Summary: July 14, 2002 -- EIGHTH SUNDAY AFTER PENTECOST --Proper 10 Psalm 65:[1-8] 9-14 (Psalm 65: [1-8] 9-13 NRSV) Your paths overflow with plenty. (Ps. 65:12) Color: Green Title: “Praise is not a luxury.”
July 14, 2002 -- EIGHTH SUNDAY AFTER PENTECOST --Proper 10
Your paths overflow with plenty. (Ps. 65:12)
Title: “Praise is not a luxury.”
This psalm is usually categorized as one of thanksgiving, yet the word “thanks” never appears in it. It is really a hymn of praise, though not a pure one. There are elements of lament, forgiveness and petition in it as well. Furthermore, praise and thanks are a continuum. Pure praise recognizes God as God and extols his characteristics in a general, inclusive way. Thanksgiving recognizes God’s acting in behalf of a specific individual in a specific instance, though it also can be more general. Yet, both praise and thanks are the same recognition of God and same honoring of him, only the context differs and can range from the most inclusive on the one hand, to the most specific on the other. So, this psalm is difficult to classify according to presently accepted standards. Suffice to say that it is a song of praise for God’s great deeds, especially the giving of rain, the basis for physical life, and of thanks for the forgiving of sins, the basis of the death of a covenantal relationship with God.
This psalm may well be a revision of very ancient prayers in the light of the return from exile. As such, it is post-exilic in composition, but has many images that pre-date even the monarchy.
In verse one, Praise is due to you, O God, in Zion; and to you shall vows be performed . A psalm of David. A song: It is generally accepted that phrases such as these found at the beginning of many psalms serve a variety of functions. They may classify the psalm, assign authorship, give indication of how it is to be sung, etc. There is no way of knowing when and by whom these markers were inserted, almost certainly long after the psalm was composed, and there is no certainty about what they really mean. The same “markers” do not always show up in both the original Hebrew and later Greek text. In this case the Hebrew assigns authorship to David, but in the Greek text, and Jeremiah and Ezekiel and the return from exile are also mentioned. None of these “markers” affect the meaning of the psalms they introduce.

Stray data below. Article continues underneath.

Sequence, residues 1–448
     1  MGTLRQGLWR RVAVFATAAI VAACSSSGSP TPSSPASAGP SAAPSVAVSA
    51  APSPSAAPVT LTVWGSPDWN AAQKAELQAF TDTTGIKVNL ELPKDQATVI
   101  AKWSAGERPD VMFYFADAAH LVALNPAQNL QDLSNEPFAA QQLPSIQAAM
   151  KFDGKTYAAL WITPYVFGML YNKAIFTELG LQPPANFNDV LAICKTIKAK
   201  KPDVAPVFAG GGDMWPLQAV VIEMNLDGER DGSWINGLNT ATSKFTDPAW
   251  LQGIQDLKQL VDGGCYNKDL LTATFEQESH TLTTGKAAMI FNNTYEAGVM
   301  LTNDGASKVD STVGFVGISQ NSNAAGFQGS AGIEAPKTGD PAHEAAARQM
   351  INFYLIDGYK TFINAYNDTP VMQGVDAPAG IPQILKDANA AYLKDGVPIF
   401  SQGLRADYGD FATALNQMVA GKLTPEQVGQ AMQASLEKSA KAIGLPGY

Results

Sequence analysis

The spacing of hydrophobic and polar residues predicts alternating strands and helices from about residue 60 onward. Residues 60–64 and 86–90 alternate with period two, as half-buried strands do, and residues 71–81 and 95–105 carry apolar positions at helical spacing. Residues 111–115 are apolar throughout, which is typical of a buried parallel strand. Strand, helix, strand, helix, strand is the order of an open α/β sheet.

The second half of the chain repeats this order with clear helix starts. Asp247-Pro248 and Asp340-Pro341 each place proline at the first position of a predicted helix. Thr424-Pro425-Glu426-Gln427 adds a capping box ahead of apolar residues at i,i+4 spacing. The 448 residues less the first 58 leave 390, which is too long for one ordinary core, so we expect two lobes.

Verses two and three, to you: This is repeated three times in staccato fashion, emphasizing that Yahweh is due praise, not Baal, the Canaanite god of rain, or any other idol. Yahweh delivers; they do not. “Praise” means “recognition” and the psalmist, speaking for all those assembled “on Zion” the mountain where the Temple is located, in order to praise and thank God for forgiving their sins and indicating it by providing rain, without which they could not continue to live.
Our vows must be fulfilled: When a farmer sows the seed, he would typically promise God something if God grants growth. Since that has happened, the farmers are now in the Temple fulfilling their vows. However, the language has become general enough to apply to gratitude at any answer to their prayers. No specifics are given. It would apply to the cessation of war as well as the cessation of drought or any other need. By the time the psalms reached their final written form, language specific to an occasion, be it a prayer of lament or for forgiveness or of praise or thanks, has become “generalized” so that the same language is appropriate for a variety of contexts. The same is true for proverbs and parables.
You who hear prayers: In contrast to other gods, Yahweh actually hears and acts. A living God, he ensures the life of those who recognize him as the only God.
To you all flesh shall come: “All flesh” might at first have meant only “all Israelites,” but over time some Israelites realized their choice by Yahweh as his special people to be less a privilege and more a mission to “all flesh.” They realized that from the center of their world, Zion, Yahwism would radiate to the ends of the earth by their example of worship and behavior. Everyone belongs to Yahweh and it would be their mission to proclaim that fact.
In verse four, When deeds of iniquity overwhelm us,
you forgive our transgressions. The recognition of Yahweh’s power prompts the recognition of the people’s abuse of their power, their sin. The verb, translated here as “pardon,” is Hebrew kapar and is related to Yom Kippur, the Day of Atonement, an autumnal feast, which along with the feast of Tabernacles was a celebration of the last harvest of the year. Kapar/kippur denotes the removal of the primary effect of sin- a barrier between Yahweh and his people. While humans would perform acts such as offering sacrifice or giving atonement money or laying hands on a scapegoat and banishing it to the desert, the Israelite knew that God could and would forgive without any one these if the penitent sincerely prayed for it. “Atonement” is less the appeasing of an angry God than it is the removal of a barrier between God and humans. Thus, “pardon” or “forgive” means “restore the previous relationship.” Humans cannot earn this. God does it for his own sake and by his own power. The rituals of forgiveness are more for humans’ sake, to allow them to express their changed attitude, their contrite heart and broken spirit, rather than pay back to God.